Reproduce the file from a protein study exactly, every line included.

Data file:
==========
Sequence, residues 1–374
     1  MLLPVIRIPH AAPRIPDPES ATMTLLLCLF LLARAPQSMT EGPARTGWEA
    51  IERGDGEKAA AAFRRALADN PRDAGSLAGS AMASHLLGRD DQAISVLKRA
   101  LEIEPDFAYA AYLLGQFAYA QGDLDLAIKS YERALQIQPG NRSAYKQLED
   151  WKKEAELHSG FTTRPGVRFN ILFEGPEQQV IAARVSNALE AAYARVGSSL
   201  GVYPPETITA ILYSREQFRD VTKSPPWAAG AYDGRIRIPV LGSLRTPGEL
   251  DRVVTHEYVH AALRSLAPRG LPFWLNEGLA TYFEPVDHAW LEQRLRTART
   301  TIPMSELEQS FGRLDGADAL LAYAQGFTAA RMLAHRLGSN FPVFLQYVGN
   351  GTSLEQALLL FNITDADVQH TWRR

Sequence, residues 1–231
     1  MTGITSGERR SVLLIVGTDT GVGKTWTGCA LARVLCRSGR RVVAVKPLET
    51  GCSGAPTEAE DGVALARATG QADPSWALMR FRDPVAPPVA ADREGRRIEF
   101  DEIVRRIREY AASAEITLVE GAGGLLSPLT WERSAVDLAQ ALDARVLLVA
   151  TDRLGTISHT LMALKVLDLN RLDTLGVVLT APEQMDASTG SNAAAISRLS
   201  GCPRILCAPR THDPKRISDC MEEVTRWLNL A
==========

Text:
Sequence, residues 1–374
     1  MLLPVIRIPH AAPRIPDPES ATMTLLLCLF LLARAPQSMT EGPARTGWEA
    51  IERGDGEKAA AAFRRALADN PRDAGSLAGS AMASHLLGRD DQAISVLKRA
   101  LEIEPDFAYA AYLLGQFAYA QGDLDLAIKS YERALQIQPG NRSAYKQLED
   151  WKKEAELHSG FTTRPGVRFN ILFEGPEQQV IAARVSNALE AAYARVGSSL
   201  GVYPPETITA ILYSREQFRD VTKSPPWAAG AYDGRIRIPV LGSLRTPGEL
   251  DRVVTHEYVH AALRSLAPRG LPFWLNEGLA TYFEPVDHAW LEQRLRTART
   301  TIPMSELEQS FGRLDGADAL LAYAQGFTAA RMLAHRLGSN FPVFLQYVGN
   351  GTSLEQALLL FNITDADVQH TWRR

Sequence, residues 1–231
     1  MTGITSGERR SVLLIVGTDT GVGKTWTGCA LARVLCRSGR RVVAVKPLET
    51  GCSGAPTEAE DGVALARATG QADPSWALMR FRDPVAPPVA ADREGRRIEF
   101  DEIVRRIREY AASAEITLVE GAGGLLSPLT WERSAVDLAQ ALDARVLLVA
   151  TDRLGTISHT LMALKVLDLN RLDTLGVVLT APEQMDASTG SNAAAISRLS
   201  GCPRILCAPR THDPKRISDC MEEVTRWLNL A